The Best and Hardest Thing I’ve Ever Done
Foster parenting is an incredibly complex endeavor.
As a foster parent, you are entering into a very broken scenario. You know this already, of course, but if you are new to the world of foster care, you don’t really know it in your bones. Not yet, anyway.
But you will.
No one who enters the world of foster care escapes the pain of how wrong it is that children are taken from their parents and placed with strangers. This is not a beautiful thing. It is a horrible thing. Even when it is the right thing to do—to remove a child for that child’s own protection—it is profoundly destructive and the damage is far-reaching.
Sometimes, a child has been removed from her parents due to abuse or neglect. The abuse and/or neglect could be a result of substance abuse and addiction, untreated mental illness, or other issues. If no willing suitable adult caregivers can be found in that child’s family of origin or circle of friends, the child is placed in a foster home in hopes that the child will be safe, stable and cared for while her parents do the hard work of fixing what’s broken so they can reunited as a family.
Other times, a child’s parents pass away and that child is left with no immediate caregivers. Foster parents step in to fill the void while family members or a permanent (adoptive) parent can be found.
Even other times, a child’s parents are in prison and there are no family members or close friends able to step in as caregivers. Enter the foster parent.
Each of the above scenarios can mean a child spends anywhere from a few days to several years in foster care. Because of any number of factors, that child may experience many changes in primary caregiver, and every time that happens, her sense of well-being sustains another fracture.
And it is into this scenario—a family in pieces—that foster parents step.
What we are doing is a beautiful thing. We offer a safe and nurturing environment for a child in crisis, offering stability, consistency, love and advocacy while they await the process their parent(s) have to go through in order to be reunified.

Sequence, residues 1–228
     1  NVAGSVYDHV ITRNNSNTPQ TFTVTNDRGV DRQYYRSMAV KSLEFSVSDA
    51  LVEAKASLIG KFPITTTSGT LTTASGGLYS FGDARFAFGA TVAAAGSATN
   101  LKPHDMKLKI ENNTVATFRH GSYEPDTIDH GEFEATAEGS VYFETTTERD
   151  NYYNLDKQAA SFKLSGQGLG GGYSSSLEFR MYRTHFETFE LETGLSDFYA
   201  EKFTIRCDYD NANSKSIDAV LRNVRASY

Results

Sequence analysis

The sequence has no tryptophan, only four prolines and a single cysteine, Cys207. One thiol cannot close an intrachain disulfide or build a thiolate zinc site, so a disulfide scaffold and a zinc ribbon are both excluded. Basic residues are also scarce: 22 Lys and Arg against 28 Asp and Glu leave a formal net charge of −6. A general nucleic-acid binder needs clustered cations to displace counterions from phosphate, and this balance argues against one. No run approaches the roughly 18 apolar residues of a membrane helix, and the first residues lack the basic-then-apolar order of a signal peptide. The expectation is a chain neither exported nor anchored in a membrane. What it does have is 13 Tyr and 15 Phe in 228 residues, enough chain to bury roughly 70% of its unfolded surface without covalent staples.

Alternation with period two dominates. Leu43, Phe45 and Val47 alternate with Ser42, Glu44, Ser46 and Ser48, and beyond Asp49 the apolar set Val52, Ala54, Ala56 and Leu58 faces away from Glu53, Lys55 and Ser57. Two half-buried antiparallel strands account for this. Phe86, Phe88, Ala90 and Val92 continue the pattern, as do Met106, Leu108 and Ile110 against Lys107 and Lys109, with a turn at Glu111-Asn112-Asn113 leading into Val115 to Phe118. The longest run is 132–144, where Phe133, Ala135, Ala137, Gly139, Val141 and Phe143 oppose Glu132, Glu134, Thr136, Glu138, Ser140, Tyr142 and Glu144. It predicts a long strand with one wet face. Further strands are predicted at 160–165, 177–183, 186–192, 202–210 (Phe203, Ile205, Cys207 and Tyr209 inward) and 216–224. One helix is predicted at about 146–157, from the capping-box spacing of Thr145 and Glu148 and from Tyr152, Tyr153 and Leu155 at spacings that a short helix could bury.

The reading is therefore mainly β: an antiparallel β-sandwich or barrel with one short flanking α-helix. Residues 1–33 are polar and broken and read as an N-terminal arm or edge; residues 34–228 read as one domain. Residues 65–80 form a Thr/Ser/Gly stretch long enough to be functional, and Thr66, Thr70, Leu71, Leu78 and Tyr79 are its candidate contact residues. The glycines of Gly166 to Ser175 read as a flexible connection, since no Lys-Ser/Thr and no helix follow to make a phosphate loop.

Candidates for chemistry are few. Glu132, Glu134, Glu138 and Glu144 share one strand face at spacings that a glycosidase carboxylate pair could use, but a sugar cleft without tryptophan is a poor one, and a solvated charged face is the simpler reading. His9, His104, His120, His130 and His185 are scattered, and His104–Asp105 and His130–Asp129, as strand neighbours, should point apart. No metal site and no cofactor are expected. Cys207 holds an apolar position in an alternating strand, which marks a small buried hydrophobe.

What we are doing is also a profoundly hard thing. Hard for the children in foster care, yes—but also hard for the foster parents.
For the past five years, I’ve been creating videos on YouTube (A Fostered Life) to help new and prospective foster parents navigate the huge learning curve of foster parenting. I’ll keep offering those videos on YouTube. But as I’ve heard from foster parents (a.k.a. foster carers) from all over the world, I know that many of you want—need—something more.
The Flourishing Foster Parent is a community of foster parents eager to grow and learn, to be encouraged and to encourage others, through the ups and downs of foster parenting. We know we cannot do it alone—but we don’t know who we could possibly turn to who will really get it, who will not just have compassion for our struggles, but who will have empathy, because they’ve been there too. Only other foster parents can truly understand, but connecting with them can be challenging.
The Flourishing Foster Parent is a place to learn. Through Coaching Calls, videos and written resources (articles, books), we learn about trauma-informed positive parenting for children who come with incomprehensible wounds. We learn about how to manage ourselves so that we can be available to the children entrusted to our care. We learn about how to promote resilience in youth whose brain development and function is affected by substances and/or early childhood neglect. We learn how to build connections with the family members of children in our care, we learn how to best support reunification efforts, and we learn how to support our kids when reunification is not possible. We also learn how to advocate for children as they prepare to age out and enter adulthood.
The Flourishing Foster Parent is a place to be heard. Many foster parents do not have a space where they are free to discuss the challenges and joys that are unique to foster parenting. Our weekly Meets function as online support groups, allowing participants to vent, cry, laugh, rejoice, ask hard questions and process their experiences with the benefit of community.
The Flourishing Foster Parent is a place to connect. As you participate in Coaching Calls and Meets, you’ll discover one of the greatest truths of all: you are not alone! You are part of something bigger than yourself, bigger than the child in your care, bigger than the challenges you face, bigger than the brokenness.
Too many foster parents are just trying to survive the day. But survival mode can only sustain us for so long. When we live in survival mode, burnout is just around the corner.
It doesn’t have to be that way. We can be in it for the long haul, thriving in our role as foster parents.
Together, we can flourish!